Art Walking Tour

Approximate distance: 5 km

Approximate time to complete:

  • Walking: 2 hours
  • Cycling: 1 hour
  • Driving: 30 minutes

Most of the grounds are paved or have sidewalks, making access possible by foot, bicycle, wheelchair or vehicle.

1. Princes’ Gates – Winged Victory (1927), Artist: Charles D. McKechnie (1865-1935)
This iconic sculpture topping the triumphal arch of the Princes’ Gates was originally constructed of ‘artificial stone’ made from cement. In 1987, it was replaced with a resin copy due to the severe damage and weathering sustained by the original. The Winged Victory holds a laurel wreath, or ‘hero’s crown’, in her uplifted right hand and a single maple in leaf in her left, a symbol of Canadian independence. She is guarded by four sea horses and flanked by figures representing Exhibition Place’s commitment to progress through industry, education, and the arts.
2. Enercare Centre – Shoreline (1996), Artist: Jerry Clapsaddle (1941-present)
This walkway at the southeast corner of the Enercare Centre consists of 135,000 individually laid paving stones and was commissioned for the newly built National Trade Centre. The best view is from the top of the stairs, looking down and up Princes’ Boulevard. From this vantage point, you can see the expanding and compressing wave made up of six different coloured stones, a metaphor for the lakeshore and the flow of trade on both the lake and through Exhibition Place.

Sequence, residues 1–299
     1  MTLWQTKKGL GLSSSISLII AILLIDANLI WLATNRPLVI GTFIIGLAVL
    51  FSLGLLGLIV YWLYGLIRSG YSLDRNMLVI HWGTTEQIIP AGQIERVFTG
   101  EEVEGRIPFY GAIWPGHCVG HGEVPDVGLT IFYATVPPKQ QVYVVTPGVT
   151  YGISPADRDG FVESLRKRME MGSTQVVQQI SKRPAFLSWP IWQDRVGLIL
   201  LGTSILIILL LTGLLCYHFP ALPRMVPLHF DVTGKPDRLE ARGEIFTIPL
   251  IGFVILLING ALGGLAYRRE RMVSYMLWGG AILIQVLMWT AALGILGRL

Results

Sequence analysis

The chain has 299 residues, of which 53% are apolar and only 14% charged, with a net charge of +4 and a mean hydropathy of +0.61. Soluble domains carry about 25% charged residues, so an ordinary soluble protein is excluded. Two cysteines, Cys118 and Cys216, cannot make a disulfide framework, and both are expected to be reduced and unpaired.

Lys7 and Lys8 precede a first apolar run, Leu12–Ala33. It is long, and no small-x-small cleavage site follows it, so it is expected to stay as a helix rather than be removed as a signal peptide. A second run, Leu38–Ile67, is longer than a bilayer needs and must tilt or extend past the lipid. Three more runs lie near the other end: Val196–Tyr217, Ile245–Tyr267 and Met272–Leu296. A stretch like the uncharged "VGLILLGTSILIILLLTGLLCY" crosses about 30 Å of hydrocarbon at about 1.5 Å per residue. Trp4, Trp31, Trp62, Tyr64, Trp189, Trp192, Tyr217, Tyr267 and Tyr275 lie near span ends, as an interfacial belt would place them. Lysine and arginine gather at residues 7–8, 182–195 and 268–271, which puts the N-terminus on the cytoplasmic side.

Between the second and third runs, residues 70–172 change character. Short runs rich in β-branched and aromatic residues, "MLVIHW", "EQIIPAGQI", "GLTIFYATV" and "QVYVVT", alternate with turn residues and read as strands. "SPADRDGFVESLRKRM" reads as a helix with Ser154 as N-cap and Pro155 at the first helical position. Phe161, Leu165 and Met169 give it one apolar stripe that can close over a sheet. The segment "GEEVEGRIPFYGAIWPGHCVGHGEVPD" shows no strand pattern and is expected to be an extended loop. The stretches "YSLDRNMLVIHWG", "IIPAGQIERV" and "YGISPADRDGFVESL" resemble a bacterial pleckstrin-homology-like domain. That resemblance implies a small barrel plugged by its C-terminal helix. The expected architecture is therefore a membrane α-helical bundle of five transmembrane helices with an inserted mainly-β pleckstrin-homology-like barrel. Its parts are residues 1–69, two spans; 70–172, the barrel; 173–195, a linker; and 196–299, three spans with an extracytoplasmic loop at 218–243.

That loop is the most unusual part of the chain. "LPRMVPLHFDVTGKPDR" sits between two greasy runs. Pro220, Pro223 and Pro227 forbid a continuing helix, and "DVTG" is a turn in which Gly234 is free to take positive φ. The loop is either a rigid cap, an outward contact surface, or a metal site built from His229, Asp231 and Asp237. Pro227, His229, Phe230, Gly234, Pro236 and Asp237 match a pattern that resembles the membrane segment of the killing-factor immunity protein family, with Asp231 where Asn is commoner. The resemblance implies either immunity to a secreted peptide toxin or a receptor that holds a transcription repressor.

3. Enercare Centre – Hall of Names (1997), Artist: Micah Lexier (1960-present)
Visible through the windows of the Enercare Galleria, but even more spectacular inside, this work is made up of 1000 laser-cut stainless steel names hanging from the ceiling. Each name was chosen through a ‘call for names’ campaign and represent the people who visit the building. Next time you visit, look up! You may spot your own name there. Micah Lexier’s work can also be seen at Metro Hall and Leslie subway station.
4. Heritage Court – Livestock Roundels (1926), Artist: unknown
Made of cast stone, these five roundels and two decorative plaques were originally located on the outside of the Coliseum complex, and were moved to their current location when it was partially demolished between 1995 and 1997. Another livestock roundel from the Coliseum complex - as well as three rams heads keystones – are located in the north-east hallway of the Enercare Centre.
5. BMO Field – Arc of Nations (2007) & Benches (2007), Artist: Stephen Cruise (1949-present)
This two-sided glass mosaic, located over the north entrance to BMO Field, is made up of over 200 tiny FIFA flags representing the international sport of soccer. This artwork, along with 14 granite benches, was commissioned by Exhibition Place to mark the opening of the soccer stadium. The benches are scattered around the perimeters of the soccer venue and feature the artist’s designs (based on the sporting and architectural history of Exhibition Place) laser cut into the granite. An additional 4 were commissioned by Exhibition Place and are installed on the north and south sides of the Beanfield Centre.
6. Food Building (west side) – Fish (1961), Artist: Jean Horne (1914-2007)